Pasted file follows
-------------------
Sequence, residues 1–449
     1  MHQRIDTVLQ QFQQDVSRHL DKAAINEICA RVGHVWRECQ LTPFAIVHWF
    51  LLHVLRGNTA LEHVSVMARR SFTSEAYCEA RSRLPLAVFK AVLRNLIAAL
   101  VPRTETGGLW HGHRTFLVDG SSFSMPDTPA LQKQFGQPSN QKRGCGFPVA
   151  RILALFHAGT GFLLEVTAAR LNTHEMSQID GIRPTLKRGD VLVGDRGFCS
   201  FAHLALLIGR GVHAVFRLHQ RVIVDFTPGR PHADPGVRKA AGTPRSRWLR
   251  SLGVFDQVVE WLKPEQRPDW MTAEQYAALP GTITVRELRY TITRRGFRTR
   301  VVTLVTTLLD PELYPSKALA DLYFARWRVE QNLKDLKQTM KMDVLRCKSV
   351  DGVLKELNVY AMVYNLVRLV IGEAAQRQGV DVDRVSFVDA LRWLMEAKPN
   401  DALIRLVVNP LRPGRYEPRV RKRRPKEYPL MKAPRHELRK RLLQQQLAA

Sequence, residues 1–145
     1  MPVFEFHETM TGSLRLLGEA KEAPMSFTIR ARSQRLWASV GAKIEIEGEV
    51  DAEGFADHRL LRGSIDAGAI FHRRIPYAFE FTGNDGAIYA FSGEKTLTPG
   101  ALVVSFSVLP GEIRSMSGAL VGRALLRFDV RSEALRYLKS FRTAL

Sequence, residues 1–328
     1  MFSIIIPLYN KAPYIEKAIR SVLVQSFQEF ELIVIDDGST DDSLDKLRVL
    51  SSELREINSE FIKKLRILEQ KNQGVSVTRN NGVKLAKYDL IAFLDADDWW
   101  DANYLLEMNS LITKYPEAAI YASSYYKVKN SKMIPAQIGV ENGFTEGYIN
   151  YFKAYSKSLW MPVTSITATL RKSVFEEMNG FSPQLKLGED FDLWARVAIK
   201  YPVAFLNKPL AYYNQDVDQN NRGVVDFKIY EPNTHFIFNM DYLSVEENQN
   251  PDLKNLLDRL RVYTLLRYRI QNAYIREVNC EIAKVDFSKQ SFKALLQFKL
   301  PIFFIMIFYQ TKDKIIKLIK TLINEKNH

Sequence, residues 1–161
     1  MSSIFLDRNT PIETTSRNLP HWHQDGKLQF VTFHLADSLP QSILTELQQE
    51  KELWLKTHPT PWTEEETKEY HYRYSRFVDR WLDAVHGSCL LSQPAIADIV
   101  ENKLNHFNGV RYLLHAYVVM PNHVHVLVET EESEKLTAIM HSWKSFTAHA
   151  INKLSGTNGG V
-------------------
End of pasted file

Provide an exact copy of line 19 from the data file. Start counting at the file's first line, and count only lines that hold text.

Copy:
   151  YFKAYSKSLW MPVTSITATL RKSVFEEMNG FSPQLKLGED FDLWARVAIK